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A strategic programme for NERC Lowland catchment research
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Contaminant attenuation - a radiochemical approach

Title

Contaminant attenuation in Chalk groundwater - A new approach using radiochemistry.

Overview of project

The aim of this NERC studentship was to investigate a potential radiochemical method for estimating the Chalk aquifer's capacity to attenuate contaminants. Contaminant solutes are advected by groundwater flow through fractures, but are slowed and attenuated by molecular diffusion into immobile water in the pores of the Chalk. Fracture apertures are the key factor controlling both advection and diffusion effects.

In principle apertures may be estimated by comparing dissolved radon gas in fracture water with uranium-series isotope activities in the rock matrix, as radon release and contaminant attenuation are both governed by similar mechanisms of molecular diffusion. The project tested the robustness of a radon-derived transport model developed by Atkinson and Barker through a series of lab experiments and field observations. The results were compared against other more traditional tracer experiments.

Aims

  • To test the assumption that the Chalk aquifer possesses a homogeneous distribution of radon precursors, by determining uranium and radium in core material from the Pang/Lambourn LOCAR boreholes.
  • To test the assumption that double-porosity behaviour dominates for solute transport and can be characterised by an effective diffusion time, despite the heterogeneity of the fracture flow.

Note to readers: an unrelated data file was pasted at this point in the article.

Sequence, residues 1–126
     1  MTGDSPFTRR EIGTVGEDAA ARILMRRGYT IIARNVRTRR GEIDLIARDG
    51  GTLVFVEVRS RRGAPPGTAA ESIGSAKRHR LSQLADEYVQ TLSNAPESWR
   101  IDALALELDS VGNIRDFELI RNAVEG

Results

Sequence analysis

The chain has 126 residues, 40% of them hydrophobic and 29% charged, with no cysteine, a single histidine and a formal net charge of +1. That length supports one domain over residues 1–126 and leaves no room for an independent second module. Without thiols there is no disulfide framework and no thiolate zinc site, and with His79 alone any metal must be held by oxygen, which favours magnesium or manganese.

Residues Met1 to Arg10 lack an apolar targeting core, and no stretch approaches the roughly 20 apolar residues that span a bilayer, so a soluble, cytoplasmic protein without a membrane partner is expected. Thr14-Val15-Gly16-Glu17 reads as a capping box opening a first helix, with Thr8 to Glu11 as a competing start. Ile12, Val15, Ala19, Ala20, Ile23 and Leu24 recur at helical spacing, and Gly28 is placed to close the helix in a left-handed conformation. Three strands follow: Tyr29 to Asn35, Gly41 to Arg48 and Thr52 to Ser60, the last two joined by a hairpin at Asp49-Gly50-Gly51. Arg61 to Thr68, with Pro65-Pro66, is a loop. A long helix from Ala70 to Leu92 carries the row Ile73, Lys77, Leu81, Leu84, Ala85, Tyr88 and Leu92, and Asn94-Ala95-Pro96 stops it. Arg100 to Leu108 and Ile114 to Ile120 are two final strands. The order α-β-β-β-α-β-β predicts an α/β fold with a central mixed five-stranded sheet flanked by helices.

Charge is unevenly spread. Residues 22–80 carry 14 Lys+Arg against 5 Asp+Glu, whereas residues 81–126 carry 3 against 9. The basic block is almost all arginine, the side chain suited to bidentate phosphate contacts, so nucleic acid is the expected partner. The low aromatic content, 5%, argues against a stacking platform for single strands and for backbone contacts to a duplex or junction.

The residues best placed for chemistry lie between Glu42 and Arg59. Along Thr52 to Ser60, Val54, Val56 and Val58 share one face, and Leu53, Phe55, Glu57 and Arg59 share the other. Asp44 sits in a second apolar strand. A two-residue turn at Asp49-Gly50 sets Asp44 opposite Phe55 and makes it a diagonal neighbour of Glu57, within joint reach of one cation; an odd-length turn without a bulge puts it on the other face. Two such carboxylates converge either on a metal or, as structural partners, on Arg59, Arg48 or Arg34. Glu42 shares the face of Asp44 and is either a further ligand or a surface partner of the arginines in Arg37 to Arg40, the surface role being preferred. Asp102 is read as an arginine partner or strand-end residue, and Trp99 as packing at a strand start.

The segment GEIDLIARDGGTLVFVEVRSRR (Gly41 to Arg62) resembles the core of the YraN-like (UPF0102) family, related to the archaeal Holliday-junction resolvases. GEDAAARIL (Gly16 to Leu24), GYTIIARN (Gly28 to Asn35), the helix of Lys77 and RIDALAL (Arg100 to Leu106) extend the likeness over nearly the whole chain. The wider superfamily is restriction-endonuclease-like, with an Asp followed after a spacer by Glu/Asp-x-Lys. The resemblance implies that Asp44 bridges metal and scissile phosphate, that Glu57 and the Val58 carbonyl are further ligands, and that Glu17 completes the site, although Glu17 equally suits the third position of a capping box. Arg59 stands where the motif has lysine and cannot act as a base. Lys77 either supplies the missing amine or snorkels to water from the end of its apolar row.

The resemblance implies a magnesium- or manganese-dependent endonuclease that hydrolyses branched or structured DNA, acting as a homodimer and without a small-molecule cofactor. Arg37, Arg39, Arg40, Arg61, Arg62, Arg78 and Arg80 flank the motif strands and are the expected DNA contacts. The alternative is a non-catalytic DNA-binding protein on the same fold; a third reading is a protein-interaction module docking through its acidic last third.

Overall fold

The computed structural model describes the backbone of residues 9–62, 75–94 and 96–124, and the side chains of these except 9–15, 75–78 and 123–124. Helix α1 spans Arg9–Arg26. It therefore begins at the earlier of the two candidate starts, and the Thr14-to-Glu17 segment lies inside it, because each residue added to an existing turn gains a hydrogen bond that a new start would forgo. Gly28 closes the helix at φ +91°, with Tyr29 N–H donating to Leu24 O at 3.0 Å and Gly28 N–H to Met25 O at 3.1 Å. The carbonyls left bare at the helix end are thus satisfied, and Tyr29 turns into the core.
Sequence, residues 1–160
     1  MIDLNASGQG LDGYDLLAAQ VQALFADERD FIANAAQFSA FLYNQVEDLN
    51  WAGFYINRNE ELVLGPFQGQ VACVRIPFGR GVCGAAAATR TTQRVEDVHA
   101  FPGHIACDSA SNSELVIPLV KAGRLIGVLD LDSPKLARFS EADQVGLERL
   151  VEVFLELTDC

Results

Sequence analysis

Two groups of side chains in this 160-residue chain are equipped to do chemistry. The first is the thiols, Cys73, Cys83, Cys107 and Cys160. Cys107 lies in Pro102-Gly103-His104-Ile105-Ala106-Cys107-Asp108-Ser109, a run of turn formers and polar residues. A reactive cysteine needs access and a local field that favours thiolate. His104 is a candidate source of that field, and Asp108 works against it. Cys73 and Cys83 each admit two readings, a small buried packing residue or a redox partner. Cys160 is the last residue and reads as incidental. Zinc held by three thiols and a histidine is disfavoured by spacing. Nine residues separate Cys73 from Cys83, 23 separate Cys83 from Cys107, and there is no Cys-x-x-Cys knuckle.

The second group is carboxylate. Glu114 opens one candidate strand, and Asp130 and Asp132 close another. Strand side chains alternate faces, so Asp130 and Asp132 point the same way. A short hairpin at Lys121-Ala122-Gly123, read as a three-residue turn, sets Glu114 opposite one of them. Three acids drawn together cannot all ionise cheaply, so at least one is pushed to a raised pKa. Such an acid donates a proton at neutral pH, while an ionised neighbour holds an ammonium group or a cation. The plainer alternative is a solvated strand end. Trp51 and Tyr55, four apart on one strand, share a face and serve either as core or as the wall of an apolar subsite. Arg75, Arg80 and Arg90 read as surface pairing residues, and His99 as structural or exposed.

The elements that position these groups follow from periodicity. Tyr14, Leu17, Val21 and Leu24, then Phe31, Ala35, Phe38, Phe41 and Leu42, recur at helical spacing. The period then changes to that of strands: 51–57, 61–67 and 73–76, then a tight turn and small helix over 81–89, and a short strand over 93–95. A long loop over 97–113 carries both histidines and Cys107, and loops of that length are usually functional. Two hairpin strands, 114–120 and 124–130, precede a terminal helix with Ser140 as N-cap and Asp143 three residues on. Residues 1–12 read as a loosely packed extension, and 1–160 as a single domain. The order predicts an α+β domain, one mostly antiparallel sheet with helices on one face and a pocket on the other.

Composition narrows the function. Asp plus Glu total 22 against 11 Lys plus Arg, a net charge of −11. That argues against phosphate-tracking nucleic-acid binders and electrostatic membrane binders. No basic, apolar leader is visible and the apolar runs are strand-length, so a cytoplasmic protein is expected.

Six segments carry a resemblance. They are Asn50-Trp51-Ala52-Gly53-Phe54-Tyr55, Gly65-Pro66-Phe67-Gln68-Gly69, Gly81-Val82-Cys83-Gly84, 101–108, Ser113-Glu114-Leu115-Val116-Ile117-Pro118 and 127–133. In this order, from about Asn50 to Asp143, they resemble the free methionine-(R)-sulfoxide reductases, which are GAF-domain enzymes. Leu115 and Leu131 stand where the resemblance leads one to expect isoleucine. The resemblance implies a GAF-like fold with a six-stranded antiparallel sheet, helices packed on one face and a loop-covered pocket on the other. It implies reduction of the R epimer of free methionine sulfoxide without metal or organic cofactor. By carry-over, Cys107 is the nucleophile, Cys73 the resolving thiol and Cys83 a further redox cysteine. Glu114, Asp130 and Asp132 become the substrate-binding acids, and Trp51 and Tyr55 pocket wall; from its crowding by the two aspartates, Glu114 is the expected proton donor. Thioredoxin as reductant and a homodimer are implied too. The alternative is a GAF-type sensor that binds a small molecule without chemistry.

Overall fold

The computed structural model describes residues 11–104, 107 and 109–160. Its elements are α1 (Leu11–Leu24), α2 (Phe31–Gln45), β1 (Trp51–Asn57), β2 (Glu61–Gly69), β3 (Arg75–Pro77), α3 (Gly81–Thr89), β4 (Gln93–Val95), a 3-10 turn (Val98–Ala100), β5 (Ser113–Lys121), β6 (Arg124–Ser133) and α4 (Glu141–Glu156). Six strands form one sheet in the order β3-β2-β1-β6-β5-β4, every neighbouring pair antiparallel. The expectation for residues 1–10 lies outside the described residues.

• To interpret measurements of radon concentrations made across the LOCAR catchments in terms of the contaminant attenuation capacity of the Chalk.

Main findings

  • The uranium content of the chalk is not uniform but shows litho-stratigraphic variations over vertical intervals of a few meters. In addition radium, the immediate precursor of radon, is sometimes out of equilibrium with its precursor uranium-238
  • The radon content of groundwater evolves in a complex fashion that is a function of the duration and rate of pumping and is not in general representative of a specific layer of chalk. To establish the relationship between radon production in the chalk matrix and radon activity in groundwater it is necessary to take water samples from packered intervals for which radium assays of chalk are also available.
  • There is significant variation in the calculated diffusion times calculated by our U-Ra model, due primarily to the variation in uranium concentration, the 226Ra/238U activity ratio within each core section and the high degree of uncertainty in the rate of radon emanation.
  • The calculated values of characteristic diffusion times are much larger than those determined from other tracer-derived tests that have been undertaken in similar Chalk aquifers.
  • These findings suggest that it may be difficult to deduce reliable transport parameters by routine application of our current model, because each site would require detailed characterisation.

Description of activities